Figure 1 also shows several options for deriving the top and bottom rails. The top rail may be connected to the +5V or the V+RAW supplies by jumpering the pads (i.e., connecting a wire or zero ohm resistor) labeled V+ or +5. Similarly, the bottom rail can be connected to the Wildcard Bus ground, but jumpering the GD pads, or to a user supplied input on pin 3 of H2, by jumpering V-. The user supplied input would be generally used if a negative voltage is desired.

These rails may be filtered by using resistors or inductors in place of the zero ohm jumpers and installing capacitors at positions F1 and/or F2. Or they can be protected against overvoltages by installing appropriate protection devices (such as zener diodes, SIDACTORs, or GDTs) at F1 and/or F2. Further, the rails may be derived from any of the input or output pins by installing shorts in appropriate component positions in the circuit of Figure 1.

Figure 2 shows each of the twenty four circuits in more detail, showing the parallel pads for surface mounted components.

I/O Filtering Circuits

Fig.2Each set of holes for through-hole components is connected to a parallel set of pads for surface-mount components. Either type of component may be used, or both used for as many as eight components per circuit.

Possible Circuits

Figure 3 shows several of the most commonly needed filtering circuits.

A) Often voltage attenuation may be needed for A/D measurement as shown in Figure 3A. Resistive dividers are produced simply by inserting through-hole resistors at locations nA and nC for circuit n.
B) RC filters are very useful as anti-aliasing filters when using the Analog I/O Wildcard.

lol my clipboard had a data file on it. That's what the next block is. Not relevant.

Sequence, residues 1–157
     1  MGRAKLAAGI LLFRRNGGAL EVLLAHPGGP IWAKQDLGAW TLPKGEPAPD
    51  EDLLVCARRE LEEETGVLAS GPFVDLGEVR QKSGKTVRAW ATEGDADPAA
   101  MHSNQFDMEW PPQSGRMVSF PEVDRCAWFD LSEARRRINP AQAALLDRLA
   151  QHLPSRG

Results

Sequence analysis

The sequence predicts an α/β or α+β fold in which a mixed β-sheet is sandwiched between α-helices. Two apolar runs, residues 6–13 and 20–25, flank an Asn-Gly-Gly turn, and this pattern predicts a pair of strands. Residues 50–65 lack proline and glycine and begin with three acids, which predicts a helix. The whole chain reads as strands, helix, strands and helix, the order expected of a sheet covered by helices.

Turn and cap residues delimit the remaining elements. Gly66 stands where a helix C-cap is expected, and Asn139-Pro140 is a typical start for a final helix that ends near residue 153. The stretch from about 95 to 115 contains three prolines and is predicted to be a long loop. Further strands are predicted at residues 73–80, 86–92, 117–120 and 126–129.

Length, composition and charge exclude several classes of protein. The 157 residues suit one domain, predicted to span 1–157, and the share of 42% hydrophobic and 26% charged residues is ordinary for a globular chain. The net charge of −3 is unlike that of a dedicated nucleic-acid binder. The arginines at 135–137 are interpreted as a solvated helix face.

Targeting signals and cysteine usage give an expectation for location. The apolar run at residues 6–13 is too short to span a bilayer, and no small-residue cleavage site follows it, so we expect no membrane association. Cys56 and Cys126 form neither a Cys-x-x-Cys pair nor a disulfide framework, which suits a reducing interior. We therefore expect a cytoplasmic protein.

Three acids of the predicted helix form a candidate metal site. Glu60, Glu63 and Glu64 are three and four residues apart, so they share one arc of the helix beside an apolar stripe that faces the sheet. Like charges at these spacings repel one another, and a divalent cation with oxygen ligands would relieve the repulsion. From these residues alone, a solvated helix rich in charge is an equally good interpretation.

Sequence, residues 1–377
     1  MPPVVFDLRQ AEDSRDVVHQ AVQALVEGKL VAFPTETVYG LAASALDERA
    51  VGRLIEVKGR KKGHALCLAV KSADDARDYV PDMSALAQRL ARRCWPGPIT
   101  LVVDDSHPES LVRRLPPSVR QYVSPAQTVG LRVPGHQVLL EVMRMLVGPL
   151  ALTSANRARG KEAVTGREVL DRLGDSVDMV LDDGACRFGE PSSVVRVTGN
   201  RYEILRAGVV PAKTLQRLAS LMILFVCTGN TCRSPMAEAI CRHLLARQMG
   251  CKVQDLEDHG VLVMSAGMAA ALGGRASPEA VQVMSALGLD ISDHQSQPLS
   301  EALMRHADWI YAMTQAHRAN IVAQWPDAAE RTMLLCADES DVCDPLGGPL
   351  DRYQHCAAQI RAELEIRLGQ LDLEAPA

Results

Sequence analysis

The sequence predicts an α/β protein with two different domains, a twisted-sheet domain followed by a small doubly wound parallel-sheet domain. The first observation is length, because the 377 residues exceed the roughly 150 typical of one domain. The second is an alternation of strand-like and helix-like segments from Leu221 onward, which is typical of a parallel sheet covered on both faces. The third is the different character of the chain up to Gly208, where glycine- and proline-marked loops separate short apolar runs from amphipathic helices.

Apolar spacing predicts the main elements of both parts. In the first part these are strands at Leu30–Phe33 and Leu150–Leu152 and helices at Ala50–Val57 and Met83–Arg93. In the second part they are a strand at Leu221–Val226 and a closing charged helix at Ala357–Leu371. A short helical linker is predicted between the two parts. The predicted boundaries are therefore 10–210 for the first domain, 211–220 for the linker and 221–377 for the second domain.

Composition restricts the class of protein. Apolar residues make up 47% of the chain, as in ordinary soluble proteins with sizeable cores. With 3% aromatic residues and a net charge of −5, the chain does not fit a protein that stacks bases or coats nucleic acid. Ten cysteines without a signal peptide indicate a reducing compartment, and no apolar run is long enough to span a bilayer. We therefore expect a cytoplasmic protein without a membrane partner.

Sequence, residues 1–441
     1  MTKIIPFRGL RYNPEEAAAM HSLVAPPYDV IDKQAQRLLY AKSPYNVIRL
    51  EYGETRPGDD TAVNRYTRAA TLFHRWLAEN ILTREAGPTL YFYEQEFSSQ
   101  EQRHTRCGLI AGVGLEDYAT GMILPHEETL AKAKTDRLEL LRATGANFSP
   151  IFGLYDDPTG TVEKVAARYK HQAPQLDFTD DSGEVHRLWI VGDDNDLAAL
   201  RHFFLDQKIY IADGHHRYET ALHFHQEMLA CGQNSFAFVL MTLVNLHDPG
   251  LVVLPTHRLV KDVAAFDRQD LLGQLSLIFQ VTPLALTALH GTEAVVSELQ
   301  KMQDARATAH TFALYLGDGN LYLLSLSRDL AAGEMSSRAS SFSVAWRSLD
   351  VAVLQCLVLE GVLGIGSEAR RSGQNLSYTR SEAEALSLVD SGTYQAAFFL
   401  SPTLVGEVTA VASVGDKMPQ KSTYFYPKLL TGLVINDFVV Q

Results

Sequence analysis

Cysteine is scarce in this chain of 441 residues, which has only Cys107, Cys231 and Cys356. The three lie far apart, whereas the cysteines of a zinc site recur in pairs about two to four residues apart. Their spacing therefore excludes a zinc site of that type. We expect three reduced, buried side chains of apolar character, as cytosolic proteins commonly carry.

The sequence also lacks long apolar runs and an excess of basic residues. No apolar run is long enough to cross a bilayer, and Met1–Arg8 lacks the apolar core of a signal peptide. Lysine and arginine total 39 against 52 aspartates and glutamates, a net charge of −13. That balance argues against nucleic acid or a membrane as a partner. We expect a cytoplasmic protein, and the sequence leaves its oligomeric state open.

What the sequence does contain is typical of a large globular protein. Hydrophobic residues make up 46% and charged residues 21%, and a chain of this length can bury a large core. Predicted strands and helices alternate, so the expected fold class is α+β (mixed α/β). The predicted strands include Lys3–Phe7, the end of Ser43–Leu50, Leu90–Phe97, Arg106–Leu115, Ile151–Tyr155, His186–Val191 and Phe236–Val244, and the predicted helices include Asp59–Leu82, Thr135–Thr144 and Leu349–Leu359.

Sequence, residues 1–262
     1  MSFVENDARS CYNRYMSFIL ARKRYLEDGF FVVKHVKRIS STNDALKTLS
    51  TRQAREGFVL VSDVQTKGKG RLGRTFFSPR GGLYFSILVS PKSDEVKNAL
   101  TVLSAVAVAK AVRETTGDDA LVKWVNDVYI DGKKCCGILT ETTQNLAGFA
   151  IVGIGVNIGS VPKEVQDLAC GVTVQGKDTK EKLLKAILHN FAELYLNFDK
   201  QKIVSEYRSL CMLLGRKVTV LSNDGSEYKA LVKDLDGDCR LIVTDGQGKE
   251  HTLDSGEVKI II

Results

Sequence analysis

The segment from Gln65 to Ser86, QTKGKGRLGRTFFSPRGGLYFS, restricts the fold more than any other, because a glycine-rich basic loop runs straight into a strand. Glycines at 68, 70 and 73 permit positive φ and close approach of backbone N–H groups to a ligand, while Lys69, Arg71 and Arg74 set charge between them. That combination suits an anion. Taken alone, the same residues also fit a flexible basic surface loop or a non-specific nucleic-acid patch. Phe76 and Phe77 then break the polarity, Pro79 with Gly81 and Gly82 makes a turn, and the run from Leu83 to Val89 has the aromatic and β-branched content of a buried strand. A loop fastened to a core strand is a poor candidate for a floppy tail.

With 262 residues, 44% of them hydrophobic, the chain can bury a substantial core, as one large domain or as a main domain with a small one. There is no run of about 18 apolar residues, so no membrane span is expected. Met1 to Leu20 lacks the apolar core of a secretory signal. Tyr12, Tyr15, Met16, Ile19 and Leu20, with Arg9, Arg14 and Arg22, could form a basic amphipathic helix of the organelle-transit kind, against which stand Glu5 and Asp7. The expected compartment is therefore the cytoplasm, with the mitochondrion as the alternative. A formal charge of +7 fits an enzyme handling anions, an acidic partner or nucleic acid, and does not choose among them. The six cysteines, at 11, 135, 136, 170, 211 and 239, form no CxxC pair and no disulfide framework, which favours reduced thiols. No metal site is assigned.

Figure 3B shows the most simple of these.
C) Sometimes an input signal should float to an intermediate voltage between power and ground, or it should be shifted as well as attenuated, as shown in the circuit of Figure 3C.
D) If an input exceeds the voltage levels allowed by your controller or Wildcard, you can clamp the input to the power supply rails using Schottkey diodes as show in Figure 3D.
E) The I/O Filter Wildcard can also serve as a general purpose prototyping board. Figure 3E shows the creation of a 2.5V reference on I/O pin 5 using a precision voltage reference chip and the 5V supply.
More I/O Filtering Circuits
Fig.3Several of the many input/output filters and other circuits that can easily be configured.

Mounting Components on the I/O Filter Wildcard

Figure 4 (click to open in a separate window) provides a larger-than-life diagram of the top and bottom of the I/O Filter Wildcard so that you can easily see the positions and labels of the components. The large central region provides holes for through-hole components while surface-mount components use the periphery.

The board's silk-screen legend provides the same information, but the print isn't always legible. You can use Figure 4 as a guide when soldering components to the board. Through-hole components are mounted in the large central region while surface-mount components are mounted in the peripheral areas. Note that the shapes of the through-hole pads, round or square, correspond to the connection symbols used in Figures 1-3. You should pay attention to these shapes when wiring polarized components.